Former SUSD CFO Laura Smith said she feels like a cloud has been lifted after the latest ruling in her conflicts of interest case.

SCOTTSDALE, AZ (3TV/CBS 5) - A former Scottsdale Unified School District official is facing fraud and conflict of interest charges. But now, former SUSD CFO Laura Smith said she feels like a cloud has been lifted after a judge agreed that the prosecution did not present the grand jury with exculpatory evidence.

[RELATED: Former Scottsdale school district CFO under indictment breaks silence]

"It feels wonderful, it absolutely does," Smith said. "I think truth has prevailed."

Once shell-shocked, Smith said she feels like the pendulum has swung the other way.

"When it came in it was - huge butterflies, a relief," Smith said.

Accused of approving district payments to her sister's company, and not disclosing the relationship or her own financial stake, Smith faced two counts of fraudulent schemes and nine conflict of interest counts. When we first talked to Smith and her attorney last summer, they were arguing the grand jury wasn't told certain things that would be in Smith's favor.

[RELATED: Report released on former Scottsdale district's CFO's conflict of interest allegations]

"The application, citing her employer, ongoing employer, her request to have ongoing employment with other districts, an email a few months after her employment where she clearly stated she had a conflict on the record," said Smith's attorney, Richard Gaxiola.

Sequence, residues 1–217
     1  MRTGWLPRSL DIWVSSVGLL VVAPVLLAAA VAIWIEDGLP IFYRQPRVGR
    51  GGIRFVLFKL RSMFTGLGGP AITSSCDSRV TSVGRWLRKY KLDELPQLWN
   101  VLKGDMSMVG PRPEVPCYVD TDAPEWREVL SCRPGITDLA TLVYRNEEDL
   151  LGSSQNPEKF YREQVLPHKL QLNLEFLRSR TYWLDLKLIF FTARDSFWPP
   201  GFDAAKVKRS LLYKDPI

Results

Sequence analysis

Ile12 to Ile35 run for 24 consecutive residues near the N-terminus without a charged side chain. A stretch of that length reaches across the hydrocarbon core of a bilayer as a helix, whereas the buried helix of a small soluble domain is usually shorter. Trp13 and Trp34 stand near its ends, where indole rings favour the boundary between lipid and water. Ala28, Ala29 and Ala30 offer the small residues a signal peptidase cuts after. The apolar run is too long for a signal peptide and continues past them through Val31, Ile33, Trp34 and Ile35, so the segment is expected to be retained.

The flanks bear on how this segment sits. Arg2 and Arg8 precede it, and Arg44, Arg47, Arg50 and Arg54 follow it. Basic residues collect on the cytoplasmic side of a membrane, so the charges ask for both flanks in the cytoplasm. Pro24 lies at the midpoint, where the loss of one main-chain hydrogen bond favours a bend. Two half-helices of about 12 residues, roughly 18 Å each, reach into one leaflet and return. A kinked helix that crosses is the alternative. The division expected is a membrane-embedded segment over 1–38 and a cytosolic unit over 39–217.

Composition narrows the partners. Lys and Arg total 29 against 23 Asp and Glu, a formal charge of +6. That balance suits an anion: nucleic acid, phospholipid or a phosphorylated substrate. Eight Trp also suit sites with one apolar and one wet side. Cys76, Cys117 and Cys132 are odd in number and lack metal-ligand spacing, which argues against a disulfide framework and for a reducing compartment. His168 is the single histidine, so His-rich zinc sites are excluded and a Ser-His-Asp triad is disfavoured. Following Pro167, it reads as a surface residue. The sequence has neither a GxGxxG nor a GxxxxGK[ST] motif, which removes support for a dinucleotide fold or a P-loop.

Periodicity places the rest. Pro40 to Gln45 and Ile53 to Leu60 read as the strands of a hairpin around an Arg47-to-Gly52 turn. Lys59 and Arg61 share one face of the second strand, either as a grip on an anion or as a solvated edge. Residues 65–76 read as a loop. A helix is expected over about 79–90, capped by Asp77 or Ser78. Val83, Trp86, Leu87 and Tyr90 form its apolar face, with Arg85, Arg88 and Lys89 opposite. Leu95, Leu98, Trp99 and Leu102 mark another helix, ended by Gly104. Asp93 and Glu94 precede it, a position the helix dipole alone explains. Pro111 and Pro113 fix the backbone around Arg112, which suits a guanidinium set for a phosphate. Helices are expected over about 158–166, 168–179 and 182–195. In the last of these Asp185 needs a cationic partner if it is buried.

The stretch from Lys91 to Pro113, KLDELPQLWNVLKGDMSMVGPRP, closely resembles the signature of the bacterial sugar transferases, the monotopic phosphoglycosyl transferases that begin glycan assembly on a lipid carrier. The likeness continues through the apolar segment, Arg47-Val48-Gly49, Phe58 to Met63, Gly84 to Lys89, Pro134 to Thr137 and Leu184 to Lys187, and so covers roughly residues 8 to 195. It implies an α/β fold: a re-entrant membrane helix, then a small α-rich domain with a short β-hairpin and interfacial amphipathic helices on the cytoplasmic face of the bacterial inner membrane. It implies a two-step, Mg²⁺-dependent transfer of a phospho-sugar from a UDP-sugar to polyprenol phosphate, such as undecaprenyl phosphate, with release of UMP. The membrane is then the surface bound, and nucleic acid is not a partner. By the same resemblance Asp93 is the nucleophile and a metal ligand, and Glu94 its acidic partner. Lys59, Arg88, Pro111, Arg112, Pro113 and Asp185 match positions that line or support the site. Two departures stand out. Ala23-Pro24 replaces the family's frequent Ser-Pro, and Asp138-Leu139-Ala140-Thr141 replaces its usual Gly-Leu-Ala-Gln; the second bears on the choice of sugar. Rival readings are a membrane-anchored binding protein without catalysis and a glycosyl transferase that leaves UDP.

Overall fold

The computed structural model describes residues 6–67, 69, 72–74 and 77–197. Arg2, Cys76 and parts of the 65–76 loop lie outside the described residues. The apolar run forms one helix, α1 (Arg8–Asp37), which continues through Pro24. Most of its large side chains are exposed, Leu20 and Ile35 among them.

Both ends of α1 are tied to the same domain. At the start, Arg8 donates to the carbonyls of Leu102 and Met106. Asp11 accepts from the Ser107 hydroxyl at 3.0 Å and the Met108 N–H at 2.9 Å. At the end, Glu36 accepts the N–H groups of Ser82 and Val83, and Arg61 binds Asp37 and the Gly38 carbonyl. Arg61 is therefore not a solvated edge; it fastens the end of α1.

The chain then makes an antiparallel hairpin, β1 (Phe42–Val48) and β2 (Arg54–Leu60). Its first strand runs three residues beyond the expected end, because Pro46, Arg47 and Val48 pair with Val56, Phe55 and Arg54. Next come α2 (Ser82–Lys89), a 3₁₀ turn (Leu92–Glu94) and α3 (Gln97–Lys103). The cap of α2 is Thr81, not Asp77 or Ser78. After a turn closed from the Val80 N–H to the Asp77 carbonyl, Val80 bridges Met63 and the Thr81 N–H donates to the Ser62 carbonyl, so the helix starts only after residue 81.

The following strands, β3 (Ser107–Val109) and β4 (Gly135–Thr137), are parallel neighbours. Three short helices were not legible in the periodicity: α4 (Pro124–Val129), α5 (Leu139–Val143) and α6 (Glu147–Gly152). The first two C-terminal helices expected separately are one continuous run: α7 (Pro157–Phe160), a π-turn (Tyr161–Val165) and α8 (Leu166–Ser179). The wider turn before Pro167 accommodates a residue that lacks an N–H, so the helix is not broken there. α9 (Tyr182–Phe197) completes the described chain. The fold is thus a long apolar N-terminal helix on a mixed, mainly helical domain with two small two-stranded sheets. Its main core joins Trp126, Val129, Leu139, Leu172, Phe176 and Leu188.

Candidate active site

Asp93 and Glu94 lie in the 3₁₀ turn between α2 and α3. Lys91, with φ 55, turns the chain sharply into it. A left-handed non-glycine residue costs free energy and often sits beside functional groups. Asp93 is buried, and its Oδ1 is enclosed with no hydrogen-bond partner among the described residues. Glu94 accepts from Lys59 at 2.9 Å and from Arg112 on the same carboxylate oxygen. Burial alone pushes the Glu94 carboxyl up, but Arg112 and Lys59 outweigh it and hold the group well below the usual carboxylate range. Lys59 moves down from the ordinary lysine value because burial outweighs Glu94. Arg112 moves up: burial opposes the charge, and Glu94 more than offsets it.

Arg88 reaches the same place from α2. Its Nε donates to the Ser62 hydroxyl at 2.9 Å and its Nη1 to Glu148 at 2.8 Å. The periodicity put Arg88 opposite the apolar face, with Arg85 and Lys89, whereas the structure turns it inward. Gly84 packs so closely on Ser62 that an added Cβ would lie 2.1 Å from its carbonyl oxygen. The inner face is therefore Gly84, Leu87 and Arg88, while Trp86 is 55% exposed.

Now, a judge agrees. Gaxiola said the state will have to go back to a new grand jury with the evidence they left out.


Gaxiola said the state will have to go back to a new grand jury with the evidence they left out.

"We feel confident it would not be likely re-indicted," Gaxiola said.

"I would like to move on," Smith said.

She said she even tried to drive for Lyft, but couldn't pass the background check because of this.

[RELATED: Scottsdale Unified attorney: Former CFO violated state law]

"I've been spending a lot of time with my grandkids and watching them and that's been a blessing," Smith said.

We asked the state about their next move. We got a brief statement back from spokeswoman Katie Conner:

"The case is ongoing. We have no further comment at this time."

Award-winning journalist Lindsey Reiser is a regular contributor in the evenings on CBS 5 News at 10 p.m.

Copyright 2019 KPHO/KTVK (KPHO Broadcasting Corporation). All rights reserved.



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(2) comments


I hope that smug look on her faces gets wiped off by some kind of conviction.


Not sure why this corrupt criminal is happy. They will refile and start over, meaning more attorney fees and delays. Clearly she broke the law, lining the pockets of relatives for work that was never done.

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